Trinidad, a small Brazilian island in the Atlantic, in 20° 30' S. lat., and 700 miles E. of the coast of Brazil, reported to contain pirates' buried treasure. See Knight's Cruise of the Alert (1890).


Trinidad, capital of Las Animas county, Colorado, on the Purgatory River, 210 miles S. by E. of Denver. Coal is found here. Pop. 5523.


Trinity, a northern suburb of Edinburgh.


Trinity, a river of Texas, formed by two forks near Dallas, runs 500 miles SSE. to Galveston Bay. It is navigable for steamboats for over 300 miles, except in the dry season.


Tripolit'za (officially Tripolis, 'three cities'), a town of Greece, under the Turkish rule capital of the Morea, 40 miles SW. of Corinth, in a plain 3000 feet above the sea. It derives its name from being near the sites of the three ancient cities Tegea, Mantinea, and Pallantium. Pop. 10,698.


Trivandram. See Travancore.


Troitsk, a town of Russia, 400 miles NE. of Orenburg. Pop. 23,500.


Tromso, a town of Norway, on the eastern* shore of the low, fertile island of Tromso, which is nearly 5 miles long, and 1 1/2 mile broad. Pop. of island, 75,000; of town, 7000.


Troon, a seaport and watering-place of Ayrshire, 6 miles N. by W. of Ayr and 31 SW. of Glasgow. The harbour, undertaken by the Duke of Portland in 1808, and completed at a cost of more than half a million, is protected by a breakwater 1000 yards long. Golf-links were laid out in 1878; and Troon also has splendid sands and good sea-bathing. Pop. 4850. See Kirkwood's Troon and Dundonald (2d ed. Kilmarnock, 1881).


Troppau (Trop-pow), the capital of Austrian Silesia, on the Oppa, a tributary of the Oder, 184 miles by rail NE. of Vienna. It has manufactures of cloth, beet-root sugar, etc. Pop. 26,860."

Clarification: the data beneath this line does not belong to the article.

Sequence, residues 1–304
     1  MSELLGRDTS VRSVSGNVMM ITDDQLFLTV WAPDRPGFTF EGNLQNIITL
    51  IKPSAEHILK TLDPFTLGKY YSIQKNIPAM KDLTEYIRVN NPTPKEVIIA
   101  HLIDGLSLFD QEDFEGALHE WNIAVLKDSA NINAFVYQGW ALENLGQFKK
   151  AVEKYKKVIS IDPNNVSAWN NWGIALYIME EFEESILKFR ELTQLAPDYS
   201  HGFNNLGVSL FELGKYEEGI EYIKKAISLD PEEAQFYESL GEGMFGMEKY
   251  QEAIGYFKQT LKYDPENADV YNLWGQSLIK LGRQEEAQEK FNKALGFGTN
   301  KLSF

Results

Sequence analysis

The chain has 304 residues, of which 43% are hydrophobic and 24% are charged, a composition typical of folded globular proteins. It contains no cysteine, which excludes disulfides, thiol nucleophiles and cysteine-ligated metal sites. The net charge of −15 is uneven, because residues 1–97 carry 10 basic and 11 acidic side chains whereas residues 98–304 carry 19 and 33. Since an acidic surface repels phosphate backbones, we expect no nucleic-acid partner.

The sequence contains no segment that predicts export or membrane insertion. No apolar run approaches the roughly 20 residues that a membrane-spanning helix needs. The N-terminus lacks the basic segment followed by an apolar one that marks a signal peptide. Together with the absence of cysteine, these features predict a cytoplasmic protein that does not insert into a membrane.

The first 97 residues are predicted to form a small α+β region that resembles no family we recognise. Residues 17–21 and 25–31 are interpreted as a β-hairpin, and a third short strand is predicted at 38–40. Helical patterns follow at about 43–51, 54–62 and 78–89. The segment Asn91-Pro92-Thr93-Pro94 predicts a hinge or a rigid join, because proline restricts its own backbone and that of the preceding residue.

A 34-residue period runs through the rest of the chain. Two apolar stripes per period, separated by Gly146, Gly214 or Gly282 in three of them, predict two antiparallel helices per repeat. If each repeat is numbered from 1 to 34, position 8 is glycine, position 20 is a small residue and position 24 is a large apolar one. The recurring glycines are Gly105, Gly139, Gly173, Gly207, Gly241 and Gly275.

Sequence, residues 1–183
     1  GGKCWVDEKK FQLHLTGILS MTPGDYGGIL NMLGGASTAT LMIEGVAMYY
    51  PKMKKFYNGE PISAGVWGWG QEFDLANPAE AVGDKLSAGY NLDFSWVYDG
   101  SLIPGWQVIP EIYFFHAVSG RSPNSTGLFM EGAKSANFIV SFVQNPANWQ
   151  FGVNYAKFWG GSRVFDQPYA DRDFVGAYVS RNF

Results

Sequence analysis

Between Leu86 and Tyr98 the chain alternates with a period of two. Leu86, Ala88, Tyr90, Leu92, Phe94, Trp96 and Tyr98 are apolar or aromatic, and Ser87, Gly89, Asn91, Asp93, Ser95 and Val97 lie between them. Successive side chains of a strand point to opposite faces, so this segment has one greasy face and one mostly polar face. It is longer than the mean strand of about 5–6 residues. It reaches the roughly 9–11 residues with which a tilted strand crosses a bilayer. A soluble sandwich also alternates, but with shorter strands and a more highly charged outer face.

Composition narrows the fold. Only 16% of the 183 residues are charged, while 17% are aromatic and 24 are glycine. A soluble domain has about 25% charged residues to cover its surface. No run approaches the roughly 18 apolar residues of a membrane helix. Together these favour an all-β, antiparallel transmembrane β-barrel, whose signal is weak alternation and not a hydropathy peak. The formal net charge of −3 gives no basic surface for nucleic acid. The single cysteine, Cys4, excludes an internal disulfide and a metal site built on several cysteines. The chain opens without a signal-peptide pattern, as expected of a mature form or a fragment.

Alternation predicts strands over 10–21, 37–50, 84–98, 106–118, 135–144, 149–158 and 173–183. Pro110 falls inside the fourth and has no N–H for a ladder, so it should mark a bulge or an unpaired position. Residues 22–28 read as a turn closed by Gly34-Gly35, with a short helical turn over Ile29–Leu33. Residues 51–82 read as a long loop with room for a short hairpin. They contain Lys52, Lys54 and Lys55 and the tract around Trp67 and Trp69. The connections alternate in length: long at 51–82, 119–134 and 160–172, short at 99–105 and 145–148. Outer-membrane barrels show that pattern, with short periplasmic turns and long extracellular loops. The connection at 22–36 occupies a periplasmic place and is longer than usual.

Tros'sachs, a wooded defile of Perthshire, 8 miles W. by S. of Callander, which Scott's Lady of the Lake has made one of the places of pilgrimage of the world. It extends 1 mile eastward between Lochs Katrine and Achray, and to the north has Ben A'an (1851 feet), to the south-west Benvenue (2393 feet).


Trouville (Troo'veel), a popular French watering-place, dep. Calvados, at the mouth of the Tongues, 10 miles SW. of Honfleur. It has famous oyster beds and fine sands, and was discovered by Alexandre Dumas. Pop. 5627.


Trow'bridge, a market-town of Wiltshire, on a rocky hill above the small river Biss, 12 1/2 miles by rail SE. of Bath and 12 SSW. of Chippenham. A Norman castle at Court Hill has vanished. The fine Perpendicular church of St James (1475) has a spire 159 feet high; Crabbe the poet was rector from 1814 to 1832, and is buried in the chancel. A new town-hall was opened by the Duchess of Albany in 1889; and there are also a market-house, public gardens (1884), cottage hospital (1886), waterworks (1873), etc. Trowbridge has been a seat of the woollen manufacture since Henry VIII.'s reign; and superfine broadcloth and kerseymere are largely manufactured. Pop. 11,500.